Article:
Ocean grabbing and its responses: a contemporary legal pluralist perspective

@ATREE auditorium at 3.45 pm on 7th December 2015


The ‘grabbing’ of marine and coastal resources, which is a topic of contemporary scholarly and policy concern, has clear connotations of legal pluralism. After all, the ‘grabbing’ of resources by powerful external parties is frequently legitimized by reference to law that differs from the norms and values of those from whom resources ‘are grabbed’. One-sided appropriation is thus the result of the asymmetrical interaction of legal systems and their adherents. Who are the grabbers, and who the victims? How can we understand the dynamics involved?
This paper considers the theory of ocean grabbing against the backdrop of intensified global usage of these geographical fringe zones. Examples are drawn from the conflict taking place in the Palk Bay between semi-industrial fishers from Tamil Nadu and their small-scale fisher colleagues in northern Sri Lanka.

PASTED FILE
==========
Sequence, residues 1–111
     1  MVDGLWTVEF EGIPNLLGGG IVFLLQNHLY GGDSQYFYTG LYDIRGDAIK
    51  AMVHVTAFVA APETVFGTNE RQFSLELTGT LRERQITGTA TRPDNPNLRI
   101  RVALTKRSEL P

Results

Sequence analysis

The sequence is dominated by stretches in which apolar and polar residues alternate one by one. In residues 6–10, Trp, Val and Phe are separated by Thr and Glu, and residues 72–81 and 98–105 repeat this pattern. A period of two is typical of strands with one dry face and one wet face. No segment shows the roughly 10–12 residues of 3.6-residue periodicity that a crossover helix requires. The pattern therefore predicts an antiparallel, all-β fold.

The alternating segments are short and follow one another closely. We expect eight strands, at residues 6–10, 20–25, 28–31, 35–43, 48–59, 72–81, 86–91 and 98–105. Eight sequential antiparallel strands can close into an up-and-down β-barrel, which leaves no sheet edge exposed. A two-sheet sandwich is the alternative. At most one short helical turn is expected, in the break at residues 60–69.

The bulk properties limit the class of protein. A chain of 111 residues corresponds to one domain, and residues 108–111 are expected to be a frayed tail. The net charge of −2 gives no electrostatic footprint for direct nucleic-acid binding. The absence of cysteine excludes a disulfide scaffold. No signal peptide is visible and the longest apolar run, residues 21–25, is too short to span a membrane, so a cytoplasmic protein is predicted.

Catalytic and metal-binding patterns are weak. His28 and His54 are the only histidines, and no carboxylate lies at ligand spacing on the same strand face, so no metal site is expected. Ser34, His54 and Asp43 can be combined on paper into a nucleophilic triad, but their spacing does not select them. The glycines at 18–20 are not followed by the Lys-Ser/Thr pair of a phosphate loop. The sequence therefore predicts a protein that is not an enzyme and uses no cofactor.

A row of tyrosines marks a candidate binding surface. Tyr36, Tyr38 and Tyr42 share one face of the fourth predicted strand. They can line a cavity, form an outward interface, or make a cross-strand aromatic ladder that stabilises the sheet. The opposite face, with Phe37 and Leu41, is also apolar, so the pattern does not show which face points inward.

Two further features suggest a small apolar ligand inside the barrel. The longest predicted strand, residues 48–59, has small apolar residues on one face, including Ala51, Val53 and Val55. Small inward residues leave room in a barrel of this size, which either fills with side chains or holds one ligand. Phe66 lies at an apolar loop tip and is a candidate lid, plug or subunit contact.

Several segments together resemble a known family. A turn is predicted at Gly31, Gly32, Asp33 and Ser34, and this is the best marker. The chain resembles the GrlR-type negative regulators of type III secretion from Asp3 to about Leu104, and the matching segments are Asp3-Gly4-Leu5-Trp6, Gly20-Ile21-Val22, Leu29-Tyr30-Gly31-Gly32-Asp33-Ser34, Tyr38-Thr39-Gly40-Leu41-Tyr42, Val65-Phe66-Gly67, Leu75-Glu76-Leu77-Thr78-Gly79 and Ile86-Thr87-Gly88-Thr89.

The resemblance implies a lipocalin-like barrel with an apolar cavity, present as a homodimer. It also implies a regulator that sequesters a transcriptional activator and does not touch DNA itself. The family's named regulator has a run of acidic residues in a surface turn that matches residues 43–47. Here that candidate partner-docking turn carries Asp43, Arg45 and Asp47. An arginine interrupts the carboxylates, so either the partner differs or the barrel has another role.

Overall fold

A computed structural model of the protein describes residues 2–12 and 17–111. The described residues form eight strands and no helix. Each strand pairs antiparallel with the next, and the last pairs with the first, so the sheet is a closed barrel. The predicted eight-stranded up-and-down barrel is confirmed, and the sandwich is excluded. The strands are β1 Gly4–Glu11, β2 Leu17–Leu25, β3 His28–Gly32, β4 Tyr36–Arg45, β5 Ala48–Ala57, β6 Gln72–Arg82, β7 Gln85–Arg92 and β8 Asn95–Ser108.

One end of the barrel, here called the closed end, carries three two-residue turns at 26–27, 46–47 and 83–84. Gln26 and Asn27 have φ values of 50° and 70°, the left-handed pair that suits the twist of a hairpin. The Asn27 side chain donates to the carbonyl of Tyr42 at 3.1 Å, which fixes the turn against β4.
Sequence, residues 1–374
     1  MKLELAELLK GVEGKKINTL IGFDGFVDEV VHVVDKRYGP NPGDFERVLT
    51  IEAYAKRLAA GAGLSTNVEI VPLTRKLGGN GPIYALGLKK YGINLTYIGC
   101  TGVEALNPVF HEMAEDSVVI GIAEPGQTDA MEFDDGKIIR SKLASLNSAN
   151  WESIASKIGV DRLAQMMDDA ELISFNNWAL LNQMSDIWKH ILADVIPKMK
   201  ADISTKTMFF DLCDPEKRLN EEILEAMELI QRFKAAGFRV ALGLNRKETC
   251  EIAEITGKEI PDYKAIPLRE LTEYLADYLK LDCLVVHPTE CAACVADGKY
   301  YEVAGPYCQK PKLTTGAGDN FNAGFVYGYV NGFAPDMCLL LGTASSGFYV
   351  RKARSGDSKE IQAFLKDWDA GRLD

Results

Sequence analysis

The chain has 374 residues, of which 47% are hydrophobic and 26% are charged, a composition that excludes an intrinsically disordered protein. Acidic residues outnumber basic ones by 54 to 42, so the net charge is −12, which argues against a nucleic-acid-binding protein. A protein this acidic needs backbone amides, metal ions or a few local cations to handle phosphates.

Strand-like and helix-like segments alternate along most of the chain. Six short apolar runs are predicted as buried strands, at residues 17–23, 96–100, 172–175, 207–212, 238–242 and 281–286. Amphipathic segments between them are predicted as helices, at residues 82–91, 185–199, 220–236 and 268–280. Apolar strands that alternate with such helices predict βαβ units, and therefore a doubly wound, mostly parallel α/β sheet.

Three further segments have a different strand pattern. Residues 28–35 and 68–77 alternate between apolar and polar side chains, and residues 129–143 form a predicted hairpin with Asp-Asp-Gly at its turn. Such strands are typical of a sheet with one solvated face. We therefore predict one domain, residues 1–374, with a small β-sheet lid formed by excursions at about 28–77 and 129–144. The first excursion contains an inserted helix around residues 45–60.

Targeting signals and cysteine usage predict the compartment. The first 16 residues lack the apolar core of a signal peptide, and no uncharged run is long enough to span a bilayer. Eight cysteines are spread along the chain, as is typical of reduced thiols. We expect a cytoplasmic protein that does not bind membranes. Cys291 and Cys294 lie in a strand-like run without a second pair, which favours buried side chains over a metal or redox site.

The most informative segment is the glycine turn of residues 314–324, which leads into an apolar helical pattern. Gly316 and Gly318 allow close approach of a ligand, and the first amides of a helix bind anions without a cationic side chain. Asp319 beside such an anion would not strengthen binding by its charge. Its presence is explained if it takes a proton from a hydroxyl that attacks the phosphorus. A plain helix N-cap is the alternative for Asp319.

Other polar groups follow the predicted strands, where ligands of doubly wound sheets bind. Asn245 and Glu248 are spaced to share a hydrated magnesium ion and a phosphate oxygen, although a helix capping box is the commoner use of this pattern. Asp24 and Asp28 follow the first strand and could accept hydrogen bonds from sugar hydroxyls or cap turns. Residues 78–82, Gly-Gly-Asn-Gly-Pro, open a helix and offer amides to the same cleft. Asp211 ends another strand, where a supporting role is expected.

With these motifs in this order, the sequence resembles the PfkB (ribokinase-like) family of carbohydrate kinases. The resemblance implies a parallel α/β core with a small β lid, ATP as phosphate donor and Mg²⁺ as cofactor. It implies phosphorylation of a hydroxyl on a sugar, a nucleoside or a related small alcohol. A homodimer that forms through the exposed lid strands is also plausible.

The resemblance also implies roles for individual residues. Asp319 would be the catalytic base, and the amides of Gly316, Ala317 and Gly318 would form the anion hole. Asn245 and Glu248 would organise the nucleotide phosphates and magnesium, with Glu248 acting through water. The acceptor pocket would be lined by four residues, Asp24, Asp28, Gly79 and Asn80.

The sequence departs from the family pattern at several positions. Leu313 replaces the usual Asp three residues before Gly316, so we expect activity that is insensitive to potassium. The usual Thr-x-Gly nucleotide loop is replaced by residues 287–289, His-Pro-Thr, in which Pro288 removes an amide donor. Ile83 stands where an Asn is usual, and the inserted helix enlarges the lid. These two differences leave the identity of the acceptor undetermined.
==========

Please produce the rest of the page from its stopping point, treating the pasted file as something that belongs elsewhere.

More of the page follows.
Maarten Bavinck is professor in the Department of Human Geography at the University of Amsterdam, The Netherlands, and special professor at the University of Tromsø, Norway. He is founder/co-director of the social-science Centre for Maritime Research (MARE), and president of the international Commission on Legal Pluralism. He has authored a large number of articles and books on fisheries governance, with a focus on South Asia.